Recently in Articles and Writings Category

Eucharistic Devotion


Before we reflect on Eucharistic devotion, let us reflect for a moment on what it is we as Catholics believe about the Eucharist. Put simply, we believe that it is the source and summit of the Christian life. In it we have present the very reality of Jesus, the Christ, in his flesh and blood. God, who wishes us to companion us, and to be with us as friend, (1) is present to us under the forms of bread and wine. The creator of the universe, God who is, in whom all time and history find their meaning, desires to be with us, in this time and place. He seeks to enter our life and our world.

For us who are devoted to the Precious Blood, Eucharistic devotion should be a specific and generous feature of our life and prayer. "The spirituality of Saint Gaspar ... is truly at the heart of the Christian life: the Most Precious Blood of our Lord has always been the object of a special attention on the part of all the saints: it is the school of sanctity, of justice, of love... Never delve deeply into this mystery of justice and love: diffuse it into the whole world." (2) Adoration was to be a regular feature of the missionary's life according to instructions left by St. Gaspar.(3)

If all this is true, if we indeed believe that this is true, that God is truly present to us, for us to see and to taste, what is it that prevents us from spending hours with this divine guest? To be in relationship with someone, one needs to spend time in their presence, to listen to them speak and to engage them in conversation. If one is to be intimate with another, meals and times for sharing are the center of this experience. This is precisely what the Lord wishes for us and from us. He desires that we respond to his invitations to friendship and intimacy.

The perfect means to enter into the grace of this relationship is Eucharistic Devotion, Adoration of the Blessed Sacrament. Flowing from the Celebration of the Eucharist, this gives us an opportunity to relish the words that we shared there and to cherish the presence of one who loves us beyond our imagination. (4) The liturgical reforms of Vatican II were meant to restore a balance in Celebration of the Eucharist and Eucharistic Adoration. The Celebration of the Eucharist leads us to Adoration, and Adoration prepares our hearts and leads us to a fuller celebration of the Eucharist.

Here at St. Edward Catholic Church there is Eucharistic Adoration every morning at 5:30am, and every afternoon at 4:15pm. Eucharistic Adoration is from the 9:00am Mass to 5:30pm every first Friday. Once a year we have an over-night period of adoration in reparation for the abuse of the dignity of life. Eucharistic adoration can take place at other times during the day even though the Blessed Sacrament is reserved in the tabernacle. When the Blessed Sacrament is exposed we are more attentive, but when he is reserved in the tabernacle, the door does not impede his presence or attention to your heart.

Times of silence in the presence of the Blessed Sacrament are a rich opportunity for God's people. We are bombarded each day with a variety of media, radio and television and newspaper. We listen to all sorts of voices from idle conversation, to news and opinion from the world and the neighborhood. Silence in the presence of the living Word of God helps us to recognize the one voice calling to us above all the others to the fullness of life. We are his people and how we respond to his voice indicates how we belong to his flock, to his people. "My sheep hear my voice; I know them, and they follow me." (5)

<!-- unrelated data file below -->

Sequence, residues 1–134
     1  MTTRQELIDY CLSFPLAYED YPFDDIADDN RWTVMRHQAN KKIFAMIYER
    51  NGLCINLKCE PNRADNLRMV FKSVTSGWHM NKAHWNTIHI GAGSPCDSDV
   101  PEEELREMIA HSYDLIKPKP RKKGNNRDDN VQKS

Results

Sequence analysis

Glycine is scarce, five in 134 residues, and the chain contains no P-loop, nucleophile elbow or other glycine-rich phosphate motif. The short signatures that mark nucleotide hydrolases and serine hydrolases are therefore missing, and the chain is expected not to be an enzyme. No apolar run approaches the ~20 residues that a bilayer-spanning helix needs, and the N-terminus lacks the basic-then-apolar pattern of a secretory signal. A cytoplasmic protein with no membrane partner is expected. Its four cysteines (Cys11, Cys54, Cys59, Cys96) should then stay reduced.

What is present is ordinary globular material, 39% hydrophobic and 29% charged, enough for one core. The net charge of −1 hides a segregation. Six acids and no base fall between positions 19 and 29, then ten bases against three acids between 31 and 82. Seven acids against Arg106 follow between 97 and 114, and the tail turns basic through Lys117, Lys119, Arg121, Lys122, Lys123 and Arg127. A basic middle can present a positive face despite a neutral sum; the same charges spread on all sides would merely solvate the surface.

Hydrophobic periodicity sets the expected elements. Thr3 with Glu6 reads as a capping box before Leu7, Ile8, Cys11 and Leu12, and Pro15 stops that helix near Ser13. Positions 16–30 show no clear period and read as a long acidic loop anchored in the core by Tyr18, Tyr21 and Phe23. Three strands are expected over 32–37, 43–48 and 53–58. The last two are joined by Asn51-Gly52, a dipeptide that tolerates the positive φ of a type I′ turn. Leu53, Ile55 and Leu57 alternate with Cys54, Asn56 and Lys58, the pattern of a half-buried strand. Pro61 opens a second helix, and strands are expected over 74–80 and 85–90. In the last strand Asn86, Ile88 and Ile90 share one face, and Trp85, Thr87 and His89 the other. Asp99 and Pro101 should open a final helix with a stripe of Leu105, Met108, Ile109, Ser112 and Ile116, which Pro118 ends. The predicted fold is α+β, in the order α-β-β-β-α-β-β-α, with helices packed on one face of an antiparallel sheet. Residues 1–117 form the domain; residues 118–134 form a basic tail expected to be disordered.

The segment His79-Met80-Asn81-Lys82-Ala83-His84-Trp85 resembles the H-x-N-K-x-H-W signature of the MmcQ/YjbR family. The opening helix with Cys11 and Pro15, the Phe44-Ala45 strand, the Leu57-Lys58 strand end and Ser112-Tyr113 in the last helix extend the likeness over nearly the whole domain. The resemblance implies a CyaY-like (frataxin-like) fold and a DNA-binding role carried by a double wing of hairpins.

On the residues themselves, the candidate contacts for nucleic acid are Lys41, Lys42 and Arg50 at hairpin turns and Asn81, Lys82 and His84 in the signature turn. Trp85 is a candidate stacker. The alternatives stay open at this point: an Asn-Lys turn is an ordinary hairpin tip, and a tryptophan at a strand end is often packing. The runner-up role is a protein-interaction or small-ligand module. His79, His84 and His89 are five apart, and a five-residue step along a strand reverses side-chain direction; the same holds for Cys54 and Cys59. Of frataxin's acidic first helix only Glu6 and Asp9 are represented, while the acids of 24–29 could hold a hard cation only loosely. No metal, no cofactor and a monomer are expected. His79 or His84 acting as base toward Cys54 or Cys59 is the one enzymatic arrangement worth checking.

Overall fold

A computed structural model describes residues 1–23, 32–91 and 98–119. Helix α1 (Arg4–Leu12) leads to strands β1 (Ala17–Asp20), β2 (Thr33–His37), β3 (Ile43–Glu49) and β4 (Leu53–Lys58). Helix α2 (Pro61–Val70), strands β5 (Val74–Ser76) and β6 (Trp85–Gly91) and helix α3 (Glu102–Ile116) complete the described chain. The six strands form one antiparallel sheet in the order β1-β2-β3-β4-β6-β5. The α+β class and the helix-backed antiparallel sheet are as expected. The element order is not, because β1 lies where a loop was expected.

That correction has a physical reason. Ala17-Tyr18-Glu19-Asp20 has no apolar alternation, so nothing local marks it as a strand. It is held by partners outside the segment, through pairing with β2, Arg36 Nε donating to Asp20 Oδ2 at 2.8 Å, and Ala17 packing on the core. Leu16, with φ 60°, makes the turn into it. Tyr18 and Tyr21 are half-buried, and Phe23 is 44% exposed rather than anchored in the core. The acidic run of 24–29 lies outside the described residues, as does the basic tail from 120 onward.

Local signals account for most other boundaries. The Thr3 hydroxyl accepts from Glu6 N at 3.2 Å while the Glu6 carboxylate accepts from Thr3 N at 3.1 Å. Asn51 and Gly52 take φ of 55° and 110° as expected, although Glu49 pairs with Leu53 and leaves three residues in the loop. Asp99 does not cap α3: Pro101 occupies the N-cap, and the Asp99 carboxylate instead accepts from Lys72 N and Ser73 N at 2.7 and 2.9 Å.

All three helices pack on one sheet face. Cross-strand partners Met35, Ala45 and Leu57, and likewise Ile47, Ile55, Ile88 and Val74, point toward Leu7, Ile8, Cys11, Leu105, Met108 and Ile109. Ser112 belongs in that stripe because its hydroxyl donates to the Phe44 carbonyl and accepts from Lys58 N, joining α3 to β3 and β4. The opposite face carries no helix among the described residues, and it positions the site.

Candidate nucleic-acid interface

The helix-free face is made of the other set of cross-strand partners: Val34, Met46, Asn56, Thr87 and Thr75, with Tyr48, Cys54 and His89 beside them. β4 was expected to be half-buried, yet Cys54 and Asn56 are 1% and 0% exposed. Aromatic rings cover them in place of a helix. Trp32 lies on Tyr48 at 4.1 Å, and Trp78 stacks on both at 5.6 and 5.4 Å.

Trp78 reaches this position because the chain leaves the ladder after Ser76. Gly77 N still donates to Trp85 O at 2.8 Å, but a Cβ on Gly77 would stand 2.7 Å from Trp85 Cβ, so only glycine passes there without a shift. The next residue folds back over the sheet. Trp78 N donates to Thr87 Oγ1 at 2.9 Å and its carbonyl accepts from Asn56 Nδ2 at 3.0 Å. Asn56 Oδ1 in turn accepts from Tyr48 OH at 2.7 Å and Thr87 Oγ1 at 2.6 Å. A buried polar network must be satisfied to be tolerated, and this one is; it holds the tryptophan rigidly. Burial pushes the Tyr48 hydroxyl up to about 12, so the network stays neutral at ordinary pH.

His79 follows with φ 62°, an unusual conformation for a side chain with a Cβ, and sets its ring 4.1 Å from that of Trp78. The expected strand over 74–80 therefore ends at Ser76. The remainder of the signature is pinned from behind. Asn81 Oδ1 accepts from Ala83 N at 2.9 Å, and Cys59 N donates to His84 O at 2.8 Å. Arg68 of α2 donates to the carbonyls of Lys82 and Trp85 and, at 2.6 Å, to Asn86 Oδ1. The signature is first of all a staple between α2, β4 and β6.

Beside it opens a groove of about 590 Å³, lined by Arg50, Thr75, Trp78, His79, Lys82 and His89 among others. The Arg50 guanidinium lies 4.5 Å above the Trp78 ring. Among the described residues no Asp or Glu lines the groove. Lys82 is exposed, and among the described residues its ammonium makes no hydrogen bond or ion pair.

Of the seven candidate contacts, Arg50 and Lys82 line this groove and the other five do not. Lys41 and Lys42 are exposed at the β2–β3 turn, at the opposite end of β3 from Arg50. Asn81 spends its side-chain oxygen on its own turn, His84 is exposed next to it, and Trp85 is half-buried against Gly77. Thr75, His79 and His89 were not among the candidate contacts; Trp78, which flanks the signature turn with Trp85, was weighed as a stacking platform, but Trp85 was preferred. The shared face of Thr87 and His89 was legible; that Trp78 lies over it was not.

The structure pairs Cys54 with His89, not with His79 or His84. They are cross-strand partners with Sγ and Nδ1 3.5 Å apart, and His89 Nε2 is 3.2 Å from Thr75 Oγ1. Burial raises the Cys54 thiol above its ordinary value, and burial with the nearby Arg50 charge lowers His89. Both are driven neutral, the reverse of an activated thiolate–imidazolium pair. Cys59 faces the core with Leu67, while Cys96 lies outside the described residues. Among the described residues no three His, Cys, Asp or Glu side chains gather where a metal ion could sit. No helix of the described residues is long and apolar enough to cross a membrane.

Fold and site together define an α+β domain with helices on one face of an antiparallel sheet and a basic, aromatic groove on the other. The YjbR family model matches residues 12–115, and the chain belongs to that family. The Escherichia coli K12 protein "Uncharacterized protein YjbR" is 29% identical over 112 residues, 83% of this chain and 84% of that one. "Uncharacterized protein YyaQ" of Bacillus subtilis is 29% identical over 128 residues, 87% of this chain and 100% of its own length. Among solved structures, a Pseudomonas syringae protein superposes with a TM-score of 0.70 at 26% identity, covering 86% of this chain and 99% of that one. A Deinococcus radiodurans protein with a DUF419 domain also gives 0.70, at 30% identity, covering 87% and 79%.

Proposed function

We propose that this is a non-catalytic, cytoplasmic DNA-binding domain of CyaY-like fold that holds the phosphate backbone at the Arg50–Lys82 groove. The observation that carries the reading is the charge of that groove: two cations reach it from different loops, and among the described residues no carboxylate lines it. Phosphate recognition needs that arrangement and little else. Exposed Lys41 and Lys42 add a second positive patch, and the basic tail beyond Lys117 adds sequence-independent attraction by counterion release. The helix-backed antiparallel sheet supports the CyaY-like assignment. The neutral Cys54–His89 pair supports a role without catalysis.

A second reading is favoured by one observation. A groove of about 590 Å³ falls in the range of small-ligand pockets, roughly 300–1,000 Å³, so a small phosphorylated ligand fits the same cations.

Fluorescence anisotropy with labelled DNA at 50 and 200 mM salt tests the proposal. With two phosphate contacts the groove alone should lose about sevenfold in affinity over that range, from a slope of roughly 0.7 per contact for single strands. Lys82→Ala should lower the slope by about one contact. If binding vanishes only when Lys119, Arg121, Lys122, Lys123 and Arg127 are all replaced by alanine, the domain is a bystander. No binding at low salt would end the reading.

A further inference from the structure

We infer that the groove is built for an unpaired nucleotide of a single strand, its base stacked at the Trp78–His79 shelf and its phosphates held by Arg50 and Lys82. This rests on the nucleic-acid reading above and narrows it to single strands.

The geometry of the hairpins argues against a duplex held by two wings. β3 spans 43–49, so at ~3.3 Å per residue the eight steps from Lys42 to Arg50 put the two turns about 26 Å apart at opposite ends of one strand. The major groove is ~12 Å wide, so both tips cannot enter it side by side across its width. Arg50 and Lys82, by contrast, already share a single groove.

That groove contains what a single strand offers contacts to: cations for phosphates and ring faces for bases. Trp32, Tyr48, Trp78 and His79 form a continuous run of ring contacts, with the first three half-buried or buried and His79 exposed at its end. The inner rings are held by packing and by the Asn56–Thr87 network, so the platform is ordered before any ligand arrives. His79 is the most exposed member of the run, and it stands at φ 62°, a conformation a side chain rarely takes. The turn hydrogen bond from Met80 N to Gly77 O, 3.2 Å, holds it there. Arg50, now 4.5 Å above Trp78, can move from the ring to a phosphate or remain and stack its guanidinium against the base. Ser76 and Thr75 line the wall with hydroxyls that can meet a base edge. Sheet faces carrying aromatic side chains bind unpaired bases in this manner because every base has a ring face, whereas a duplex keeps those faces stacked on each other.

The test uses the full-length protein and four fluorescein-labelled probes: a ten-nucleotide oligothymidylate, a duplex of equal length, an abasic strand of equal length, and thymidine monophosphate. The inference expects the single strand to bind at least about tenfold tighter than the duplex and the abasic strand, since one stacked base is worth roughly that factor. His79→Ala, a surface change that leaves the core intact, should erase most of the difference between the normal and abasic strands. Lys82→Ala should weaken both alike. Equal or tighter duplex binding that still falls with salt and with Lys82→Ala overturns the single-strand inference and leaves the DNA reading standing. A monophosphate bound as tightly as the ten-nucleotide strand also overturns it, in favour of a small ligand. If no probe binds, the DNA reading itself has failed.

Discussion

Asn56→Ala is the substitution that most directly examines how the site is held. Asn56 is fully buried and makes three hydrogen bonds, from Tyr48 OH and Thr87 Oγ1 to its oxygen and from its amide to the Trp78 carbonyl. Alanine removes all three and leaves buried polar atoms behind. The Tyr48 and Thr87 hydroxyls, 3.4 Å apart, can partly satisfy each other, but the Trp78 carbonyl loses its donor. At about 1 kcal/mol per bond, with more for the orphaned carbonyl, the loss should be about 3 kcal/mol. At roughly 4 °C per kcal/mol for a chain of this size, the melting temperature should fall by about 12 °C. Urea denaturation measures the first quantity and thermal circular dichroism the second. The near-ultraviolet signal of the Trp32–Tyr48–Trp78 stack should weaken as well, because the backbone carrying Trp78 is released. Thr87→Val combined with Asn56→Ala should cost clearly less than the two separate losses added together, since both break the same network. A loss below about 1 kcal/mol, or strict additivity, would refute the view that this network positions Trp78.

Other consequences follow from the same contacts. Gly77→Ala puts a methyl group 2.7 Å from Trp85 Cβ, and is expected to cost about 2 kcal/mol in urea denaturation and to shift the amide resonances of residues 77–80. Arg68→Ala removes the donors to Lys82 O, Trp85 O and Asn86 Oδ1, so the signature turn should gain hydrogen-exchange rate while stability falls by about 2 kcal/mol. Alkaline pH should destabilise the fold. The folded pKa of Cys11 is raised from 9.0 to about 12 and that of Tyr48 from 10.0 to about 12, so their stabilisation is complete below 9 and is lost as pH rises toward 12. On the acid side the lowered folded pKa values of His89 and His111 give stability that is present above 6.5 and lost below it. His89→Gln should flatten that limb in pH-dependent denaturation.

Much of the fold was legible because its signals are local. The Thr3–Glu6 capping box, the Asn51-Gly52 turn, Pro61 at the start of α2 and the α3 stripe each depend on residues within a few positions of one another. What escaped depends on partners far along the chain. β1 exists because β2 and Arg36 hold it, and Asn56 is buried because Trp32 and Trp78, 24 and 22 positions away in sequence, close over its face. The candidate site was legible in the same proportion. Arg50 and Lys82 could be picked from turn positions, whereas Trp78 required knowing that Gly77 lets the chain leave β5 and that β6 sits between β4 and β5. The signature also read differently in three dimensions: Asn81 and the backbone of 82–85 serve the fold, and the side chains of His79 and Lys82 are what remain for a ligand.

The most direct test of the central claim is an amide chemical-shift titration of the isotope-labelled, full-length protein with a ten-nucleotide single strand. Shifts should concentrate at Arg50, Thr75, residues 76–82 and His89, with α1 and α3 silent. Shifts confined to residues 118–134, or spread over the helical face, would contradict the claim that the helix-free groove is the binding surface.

Occasionally people would be anxious if Sunday liturgy is more than an hour. If we truly believed what we do as Catholics, we would have a desire to spend at least an hour each day in the presence of the one who loves us. Indeed God is present to us in many ways; in his people and in his word, yet here we have the true presence of God par excellence.

(1) I no longer call you servants, but friends. (John 15:15)
(2) John Paul II to the Missionaries of the Precious Blood, 1986, and repeated in 1989
(3) Letter from St. Gaspar, March 1831, to Pope Gregory XVI: "The sacred functions of each day have been described above. The weekly functions are the following: On Thursdays, the adoration of the most Blessed Sacrament in memory of the institution of that divine mystery. Each Missionary, in turn, is asked to direct this tender exercise"
(4) See also the 1967 Instruction on the Worship of the Eucharistic Mystery, "Eucharisticum Mysterium," 50. "When the faithful adore Christ present in the sacrament, they should
remember that this presence derives from the sacrifice and has as its
purpose both sacramental and spiritual communion."
(5) John 10:27

Bookmark and Share

It can be found here.

Bookmark and Share

Statio, Lectio, Meditatio, Oratio, Comtemplatio

Stop, read, reflect, pray, live differently.

Here are some helps for the nine days beginning Friday.

Bookmark and Share

"The traditional image of the Madonna of the Rosary depicts Mary holding the child Jesus in her arm and giving the rosary to St. Dominic. This significant iconography shows that the rosary is a means given by the Virgin for contemplating Jesus and, meditating on his life, for loving and following him always more faithfully." Benedict XVI

The Rosary as a Prayer of Communion